Development of a novel EOR surfactant and design of an alkaline/surfactant/polymer field pilot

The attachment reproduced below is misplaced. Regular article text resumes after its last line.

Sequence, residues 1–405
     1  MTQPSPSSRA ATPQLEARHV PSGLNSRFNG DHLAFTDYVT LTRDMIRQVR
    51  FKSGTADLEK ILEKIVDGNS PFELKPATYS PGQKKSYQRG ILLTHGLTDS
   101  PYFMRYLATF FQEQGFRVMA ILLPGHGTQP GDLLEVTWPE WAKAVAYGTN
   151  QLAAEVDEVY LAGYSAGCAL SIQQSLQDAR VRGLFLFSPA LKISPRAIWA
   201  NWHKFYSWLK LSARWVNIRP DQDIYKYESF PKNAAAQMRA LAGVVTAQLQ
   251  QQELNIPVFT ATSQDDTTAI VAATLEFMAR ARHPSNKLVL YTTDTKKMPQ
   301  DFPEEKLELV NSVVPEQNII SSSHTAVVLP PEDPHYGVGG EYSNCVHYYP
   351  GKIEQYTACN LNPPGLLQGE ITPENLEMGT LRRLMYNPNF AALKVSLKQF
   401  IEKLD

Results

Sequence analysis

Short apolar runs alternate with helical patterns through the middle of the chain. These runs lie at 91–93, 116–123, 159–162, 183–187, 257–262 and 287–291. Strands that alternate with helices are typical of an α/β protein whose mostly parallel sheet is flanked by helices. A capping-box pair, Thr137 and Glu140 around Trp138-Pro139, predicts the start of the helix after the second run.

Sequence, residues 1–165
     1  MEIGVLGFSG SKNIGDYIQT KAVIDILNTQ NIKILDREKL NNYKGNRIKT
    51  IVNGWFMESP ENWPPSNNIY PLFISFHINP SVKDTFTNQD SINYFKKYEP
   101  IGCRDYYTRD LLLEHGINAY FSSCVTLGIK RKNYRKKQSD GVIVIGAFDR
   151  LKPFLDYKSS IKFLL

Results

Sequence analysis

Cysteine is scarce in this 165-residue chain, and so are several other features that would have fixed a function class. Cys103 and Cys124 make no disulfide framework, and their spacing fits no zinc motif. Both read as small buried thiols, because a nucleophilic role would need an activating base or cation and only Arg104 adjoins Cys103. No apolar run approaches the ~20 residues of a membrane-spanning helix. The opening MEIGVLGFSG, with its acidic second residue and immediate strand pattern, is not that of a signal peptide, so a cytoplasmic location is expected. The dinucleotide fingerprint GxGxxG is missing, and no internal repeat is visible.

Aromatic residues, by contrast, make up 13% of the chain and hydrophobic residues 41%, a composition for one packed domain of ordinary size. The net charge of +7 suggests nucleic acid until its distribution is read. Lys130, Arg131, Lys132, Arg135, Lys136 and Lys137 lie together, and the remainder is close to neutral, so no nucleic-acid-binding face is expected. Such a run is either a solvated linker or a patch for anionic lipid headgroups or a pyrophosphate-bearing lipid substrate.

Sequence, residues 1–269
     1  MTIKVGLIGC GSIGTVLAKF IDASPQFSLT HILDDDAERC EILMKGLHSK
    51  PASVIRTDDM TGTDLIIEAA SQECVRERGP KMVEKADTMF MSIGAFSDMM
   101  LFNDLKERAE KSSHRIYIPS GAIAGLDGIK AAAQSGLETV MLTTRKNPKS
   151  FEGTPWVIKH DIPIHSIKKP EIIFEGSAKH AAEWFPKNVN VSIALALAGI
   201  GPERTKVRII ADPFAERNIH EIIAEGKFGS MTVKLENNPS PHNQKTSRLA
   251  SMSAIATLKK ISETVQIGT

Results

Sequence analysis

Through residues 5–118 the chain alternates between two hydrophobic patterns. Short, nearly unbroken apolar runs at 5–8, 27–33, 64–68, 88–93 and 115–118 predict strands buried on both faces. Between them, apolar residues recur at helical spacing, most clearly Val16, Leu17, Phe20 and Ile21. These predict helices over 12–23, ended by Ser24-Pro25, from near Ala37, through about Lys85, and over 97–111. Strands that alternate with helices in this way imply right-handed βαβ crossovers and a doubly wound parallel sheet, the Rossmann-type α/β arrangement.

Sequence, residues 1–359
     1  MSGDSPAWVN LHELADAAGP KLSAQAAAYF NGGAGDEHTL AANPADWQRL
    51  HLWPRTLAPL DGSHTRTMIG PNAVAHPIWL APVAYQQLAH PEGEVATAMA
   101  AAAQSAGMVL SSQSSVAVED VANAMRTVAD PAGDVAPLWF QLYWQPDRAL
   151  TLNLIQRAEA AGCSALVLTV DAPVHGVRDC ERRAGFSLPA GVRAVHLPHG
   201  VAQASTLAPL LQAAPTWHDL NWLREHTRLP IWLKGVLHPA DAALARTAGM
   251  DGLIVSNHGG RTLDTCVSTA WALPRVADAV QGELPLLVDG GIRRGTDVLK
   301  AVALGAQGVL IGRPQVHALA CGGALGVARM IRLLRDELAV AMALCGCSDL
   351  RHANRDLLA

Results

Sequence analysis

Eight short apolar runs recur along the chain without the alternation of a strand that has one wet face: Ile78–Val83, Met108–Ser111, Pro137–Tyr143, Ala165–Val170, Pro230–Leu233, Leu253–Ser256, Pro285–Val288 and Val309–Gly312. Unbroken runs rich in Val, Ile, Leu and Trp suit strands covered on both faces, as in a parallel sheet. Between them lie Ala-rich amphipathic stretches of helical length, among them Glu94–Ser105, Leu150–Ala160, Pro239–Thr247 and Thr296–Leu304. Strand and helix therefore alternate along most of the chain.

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Surfactant related recovery processes are of increasing interest and importance because of high oil prices and the urge to meet energy demand. High oil prices and the accompanying revival of EOR operations have provided academia and industry with great opportunities to test alkaline surfactant polymer (ASP) methods on a field scale and to develop novel surfactant systems that can improve the performance of such EOR processes. This dissertation intends to discuss both opportunities through two unique projects, the development of novel surfactants for EOR applications and the design for an alkaline/surfactant/polymer (ASP) field pilot. In Section I of this dissertation, a novel series of anionic Gemini surfactants are carefully synthesized and systematically investigated. The remarkable abilities of Gemini surfactants to influence oil-water interfaces and aqueous solution properties are fully demonstrated. These surfactants are shown to have great potential for application in EOR processes. A wide range of Gemini structures (C₁₄ to C₂₄ chain length, -C2- and -C4- spacers, sulfate and carboxylate head groups) was synthesized and shown to have high aqueous solubility, with Krafft points below 20°C. The critical micelle concentrations (CMC) for these new molecules are measured to be orders of magnitude lower than their conventional counterparts. The significantly more negative Gibbs free energy for Gemini surfactant drives the micellization process and results in ultralow CMC. An adsorption study of Gemini surfactants at air-water and solid-water interfaces shows their superior surface activity from tighter molecular packing, and attractive characteristics of low adsorption loss at the solid surface. All anionic Gemini surfactants synthesized have an extraordinary tolerance to salinity and/or hardness. No phase separation or precipitation occurs in the aqueous stability tests, even in the presence of extremely high concentrations of mono- and/or di-valent ions. Moreover, ultra-low IFT values are reached under these conditions for Type I microemulsion systems, at very low surfactant concentrations. The stronger molecular interaction between the Gemini and conventional surfactants offers synergy that promotes aqueous stability and interfacial activity. Gemini molecules with short spacers are capable of giving rise to high viscosities at fairly low concentrations. The rheological behavior can be explained by changes in the micellar structure. A molecular thermodynamic model is developed to study anionic Gemini surfactants aggregation behavior in solution. The model takes into account of the head group-counter-ion binding effect and utilizes two simplified solutions to the Poisson-Boltzmann equation. It properly predicts the CMC of the surfactants synthesized and can be easily expanded to investigate other factors of interest in the micellization process. Section II of this dissertation studies chemical formulation design and implementation for an oilfield where an alkaline/surfactant/polymer (ASP) pilot is being carried out. A four-step systematic design approach, composed of a) process and material selection; b) formulation optimization; c) coreflood validation; 4) lab-scale simulation, was successfully implemented and could be easily transferred to other EOR projects. The optimal chemical formulation recovered over 90% residual oil from Berea coreflood. Lab-scale simulation model accurately history matches the coreflood experiment and sets the foundation for pilot-scale numerical study. Different operating strategies are investigated using a pilot-scale model, as well as the sensitivities of project economics to various design parameters. A field execution plan is proposed based on the results of the simulation study. A surface facility conceptual design is put together based on the practical needs and conditions in the field. Key lessons learned throughout the project are summarized and are invaluable for planning and designing future pilot floods.